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Justice News

Department of Justice
U.S. Attorney’s Office
Southern District of New York

FOR IMMEDIATE RELEASE
Friday, September 23, 2016

Manhattan U.S. Attorney Sues Garment Wholesaler, Garment Importers, And Executive For Scheme To Avoid Paying Millions In Import Duties On Garments

Defendants Presented Phony Invoices to Misstate the Amount of Import Duties Owed

Preet Bharara, the United States Attorney for the Southern District of New York, Robert E. Perez, Director, Field Operations New York, U.S. Customs and Border Protection (CBP), and Angel M. Melendez, Special Agent in Charge of New York, U.S. Immigration and Customs Enforcement (ICE) Homeland Security Investigations (HSI), announced today that the United States has filed a civil complaint (the “Complaint”) alleging violations of the False Claims Act by YINGSHUN GARMENTS, INC. (“YINGHSUN”), an importer of women’s apparel manufactured in China; MARIE ROGERS (“ROGERS”), former Managing Director of YINGSHUN; IMPORT GLOBAL DESIGNS INC. (“IMPORT GLOBAL”) and OLGREM LLC (“OLGREM”), successor entities to YINGSHUN; and NOTATIONS, INC. (“NOTATIONS”), a wholesaler of women’s apparel and YINGSHUN’s biggest customer.  The Complaint alleges that defendants conspired to defraud and did defraud CBP by engaging in a double-invoice scheme whereby YINGSHUN (and later IMPORT GLOBAL and OLGREM), presented false and fraudulent invoices to CBP for the purpose of avoiding import duties on garments sold to NOTATIONS.  The Complaint further alleges that NOTATIONS took actions to aid YINGSHUN in perpetrating and concealing the fraud.   

As set forth in the Complaint, filed yesterday in Manhattan federal court, import duties for merchandise imported into the United States are calculated by multiplying the value of the merchandise by the applicable duty rate.  An importer or its agent must therefore disclose to CBP the value of all imported merchandise and furnish an invoice to justify that value.  The Complaint alleges that YINGSHUN created false and fraudulent commercial invoices for garments purchased by NOTATIONS, which undervalued the garments by 75% or more.  YINGSHUN then submitted these false invoices to CBP and, based upon the gross undervaluations, paid significantly less in import duties than it actually owed.  NOTATIONS was aware of YINGSHUN’s fraudulent scheme and benefited from it, as YINGSHUN’s underpaying of import duties resulted in NOTATIONS paying lower prices for the garments it was purchasing from YINGSHUN, among other benefits.  Rather than taking steps to prevent the fraud, NOTATIONS agreed to create and accept false and misleading documents in order to perpetuate the false impression that YINGSHUN’s fraudulent invoices reflected actual prices paid for the garments.  ROGERS managed all aspects of YINGSHUN’s business and facilitated the double-invoice scheme, including by utilizing a “formula” that generated garment prices for NOTATIONS that incorporated the underpayment of import duties.  ROGERS also created IMPORT GLOBAL and OLGREM and continued YINGSHUN’s fraudulent scheme through these entities, in order to avoid detection by CBP.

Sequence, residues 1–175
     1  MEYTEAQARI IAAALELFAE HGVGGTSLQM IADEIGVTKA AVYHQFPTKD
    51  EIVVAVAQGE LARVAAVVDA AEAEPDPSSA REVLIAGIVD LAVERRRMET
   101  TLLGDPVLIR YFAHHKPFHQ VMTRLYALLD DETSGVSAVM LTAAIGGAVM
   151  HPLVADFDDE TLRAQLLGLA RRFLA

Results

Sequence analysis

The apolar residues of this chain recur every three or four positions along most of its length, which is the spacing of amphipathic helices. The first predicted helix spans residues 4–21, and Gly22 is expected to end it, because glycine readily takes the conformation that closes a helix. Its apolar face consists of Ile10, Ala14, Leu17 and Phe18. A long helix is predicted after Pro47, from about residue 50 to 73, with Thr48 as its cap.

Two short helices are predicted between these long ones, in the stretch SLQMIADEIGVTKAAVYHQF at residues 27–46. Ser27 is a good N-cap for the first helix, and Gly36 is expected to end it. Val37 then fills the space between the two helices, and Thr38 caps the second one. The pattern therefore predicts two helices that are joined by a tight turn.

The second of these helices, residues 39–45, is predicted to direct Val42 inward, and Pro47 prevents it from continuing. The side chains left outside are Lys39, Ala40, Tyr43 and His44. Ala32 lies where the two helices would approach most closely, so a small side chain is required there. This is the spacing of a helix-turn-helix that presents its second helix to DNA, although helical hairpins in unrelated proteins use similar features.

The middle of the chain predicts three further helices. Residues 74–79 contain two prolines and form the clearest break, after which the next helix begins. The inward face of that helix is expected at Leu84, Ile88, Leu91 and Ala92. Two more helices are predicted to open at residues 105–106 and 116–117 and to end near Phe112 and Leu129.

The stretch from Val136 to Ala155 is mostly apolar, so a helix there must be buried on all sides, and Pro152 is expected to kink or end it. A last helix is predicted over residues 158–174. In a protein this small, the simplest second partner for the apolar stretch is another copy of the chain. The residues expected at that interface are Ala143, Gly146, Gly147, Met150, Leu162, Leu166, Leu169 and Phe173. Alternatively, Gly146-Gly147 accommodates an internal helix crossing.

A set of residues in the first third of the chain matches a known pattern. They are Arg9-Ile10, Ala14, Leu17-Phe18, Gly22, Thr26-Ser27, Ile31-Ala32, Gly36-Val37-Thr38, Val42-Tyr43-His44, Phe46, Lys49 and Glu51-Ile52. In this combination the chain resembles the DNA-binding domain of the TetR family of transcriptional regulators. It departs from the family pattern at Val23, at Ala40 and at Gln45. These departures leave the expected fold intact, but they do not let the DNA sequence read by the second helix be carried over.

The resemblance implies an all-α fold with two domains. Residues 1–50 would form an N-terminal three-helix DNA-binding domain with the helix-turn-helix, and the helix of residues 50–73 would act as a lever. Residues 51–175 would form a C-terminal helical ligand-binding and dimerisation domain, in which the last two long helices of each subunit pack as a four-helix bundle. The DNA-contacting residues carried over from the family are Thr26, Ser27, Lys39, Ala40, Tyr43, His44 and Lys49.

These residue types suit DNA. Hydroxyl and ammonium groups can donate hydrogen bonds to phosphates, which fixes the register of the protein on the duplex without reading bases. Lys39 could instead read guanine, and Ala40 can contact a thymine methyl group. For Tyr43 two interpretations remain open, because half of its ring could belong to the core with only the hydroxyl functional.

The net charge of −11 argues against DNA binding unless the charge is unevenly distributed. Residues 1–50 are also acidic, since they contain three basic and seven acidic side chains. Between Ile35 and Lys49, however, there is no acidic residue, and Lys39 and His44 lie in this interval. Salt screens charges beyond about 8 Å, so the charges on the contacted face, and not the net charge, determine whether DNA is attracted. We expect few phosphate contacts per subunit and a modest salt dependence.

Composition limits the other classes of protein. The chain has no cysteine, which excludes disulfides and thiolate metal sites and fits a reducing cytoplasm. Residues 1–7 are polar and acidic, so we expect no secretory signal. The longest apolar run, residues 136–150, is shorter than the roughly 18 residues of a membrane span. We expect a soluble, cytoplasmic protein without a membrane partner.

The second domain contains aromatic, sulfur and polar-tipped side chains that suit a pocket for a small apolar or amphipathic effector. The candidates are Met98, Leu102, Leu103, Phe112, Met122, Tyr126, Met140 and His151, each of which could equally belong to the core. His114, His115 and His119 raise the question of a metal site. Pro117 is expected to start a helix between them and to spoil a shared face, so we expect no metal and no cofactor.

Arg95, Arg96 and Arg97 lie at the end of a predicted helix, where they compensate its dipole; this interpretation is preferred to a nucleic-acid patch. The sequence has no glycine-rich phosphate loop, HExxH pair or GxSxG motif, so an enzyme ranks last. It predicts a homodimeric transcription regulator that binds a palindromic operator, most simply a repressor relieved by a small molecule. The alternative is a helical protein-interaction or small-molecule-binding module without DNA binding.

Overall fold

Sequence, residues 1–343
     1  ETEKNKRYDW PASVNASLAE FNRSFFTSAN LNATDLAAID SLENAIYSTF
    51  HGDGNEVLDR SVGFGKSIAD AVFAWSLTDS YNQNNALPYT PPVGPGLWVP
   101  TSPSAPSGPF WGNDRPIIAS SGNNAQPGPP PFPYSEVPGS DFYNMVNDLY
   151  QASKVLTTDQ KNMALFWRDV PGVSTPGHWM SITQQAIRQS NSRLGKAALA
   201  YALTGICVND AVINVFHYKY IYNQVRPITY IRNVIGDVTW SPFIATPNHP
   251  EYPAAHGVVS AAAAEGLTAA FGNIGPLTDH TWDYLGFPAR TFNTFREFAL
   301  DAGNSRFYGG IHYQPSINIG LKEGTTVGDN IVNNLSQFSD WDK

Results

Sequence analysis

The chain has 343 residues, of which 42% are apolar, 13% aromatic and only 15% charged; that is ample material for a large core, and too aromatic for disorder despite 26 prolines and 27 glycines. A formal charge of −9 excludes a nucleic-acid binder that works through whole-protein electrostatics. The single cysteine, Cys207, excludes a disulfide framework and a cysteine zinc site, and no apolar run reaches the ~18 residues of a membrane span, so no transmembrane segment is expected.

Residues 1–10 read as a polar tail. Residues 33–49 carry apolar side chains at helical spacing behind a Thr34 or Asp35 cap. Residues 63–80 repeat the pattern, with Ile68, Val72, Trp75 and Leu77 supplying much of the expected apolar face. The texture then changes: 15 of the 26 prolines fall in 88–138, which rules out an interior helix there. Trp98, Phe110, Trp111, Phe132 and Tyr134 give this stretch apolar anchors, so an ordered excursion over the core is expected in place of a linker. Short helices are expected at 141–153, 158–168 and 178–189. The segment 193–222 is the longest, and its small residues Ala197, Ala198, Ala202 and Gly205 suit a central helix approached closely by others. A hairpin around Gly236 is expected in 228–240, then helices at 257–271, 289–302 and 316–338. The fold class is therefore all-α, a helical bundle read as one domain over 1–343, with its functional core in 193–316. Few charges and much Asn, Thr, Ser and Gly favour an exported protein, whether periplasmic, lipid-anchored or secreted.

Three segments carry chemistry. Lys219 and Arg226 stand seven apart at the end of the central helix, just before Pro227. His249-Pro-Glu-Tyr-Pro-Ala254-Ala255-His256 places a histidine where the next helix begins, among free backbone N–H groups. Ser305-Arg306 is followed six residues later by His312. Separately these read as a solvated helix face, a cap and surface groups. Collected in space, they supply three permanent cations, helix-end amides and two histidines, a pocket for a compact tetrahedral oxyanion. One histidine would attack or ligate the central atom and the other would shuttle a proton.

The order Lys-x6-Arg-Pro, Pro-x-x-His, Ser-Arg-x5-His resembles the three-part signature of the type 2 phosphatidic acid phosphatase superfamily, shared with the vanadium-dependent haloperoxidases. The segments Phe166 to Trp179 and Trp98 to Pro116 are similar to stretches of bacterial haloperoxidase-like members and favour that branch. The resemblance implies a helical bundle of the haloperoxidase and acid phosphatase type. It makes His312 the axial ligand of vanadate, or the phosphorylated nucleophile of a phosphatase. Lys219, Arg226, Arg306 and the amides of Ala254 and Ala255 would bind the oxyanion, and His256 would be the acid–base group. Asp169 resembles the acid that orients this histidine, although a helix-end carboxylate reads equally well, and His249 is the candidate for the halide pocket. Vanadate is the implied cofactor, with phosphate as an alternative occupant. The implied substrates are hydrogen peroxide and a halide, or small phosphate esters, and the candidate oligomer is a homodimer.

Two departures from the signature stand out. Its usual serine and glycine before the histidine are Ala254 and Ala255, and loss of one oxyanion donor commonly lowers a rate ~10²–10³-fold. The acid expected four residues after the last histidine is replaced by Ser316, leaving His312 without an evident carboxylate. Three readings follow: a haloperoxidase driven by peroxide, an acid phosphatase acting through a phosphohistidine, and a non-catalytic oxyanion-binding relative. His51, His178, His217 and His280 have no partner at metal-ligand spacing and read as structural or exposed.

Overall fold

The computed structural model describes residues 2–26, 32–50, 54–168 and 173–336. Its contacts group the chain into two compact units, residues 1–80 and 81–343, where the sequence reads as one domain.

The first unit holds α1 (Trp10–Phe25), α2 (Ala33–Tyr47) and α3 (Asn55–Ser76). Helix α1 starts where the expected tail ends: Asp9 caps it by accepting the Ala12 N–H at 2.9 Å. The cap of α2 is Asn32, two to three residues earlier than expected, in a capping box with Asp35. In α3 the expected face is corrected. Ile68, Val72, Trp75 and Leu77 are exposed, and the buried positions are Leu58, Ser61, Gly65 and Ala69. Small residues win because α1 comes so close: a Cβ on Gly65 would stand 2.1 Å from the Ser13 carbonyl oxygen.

This matter was initiated by a relator pursuant to the qui tam provisions of the False Claims Act, 31 U.S.C. §§ 3729 et seq. 

According to the Complaint, the defendants have subjected CBP to millions of dollars in losses from unpaid import duties as a result of the double-invoice scheme.

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Mr. Bharara thanked CBP and HSI for their efforts and ongoing support and assistance with the case.

The case is being handled by the Office’s Civil Frauds Unit.  Assistant U.S. Attorney Cristy Irvin Phillips is in charge of the case.

Topic(s): 
Financial Fraud
Press Release Number: 
16-256
Updated September 23, 2016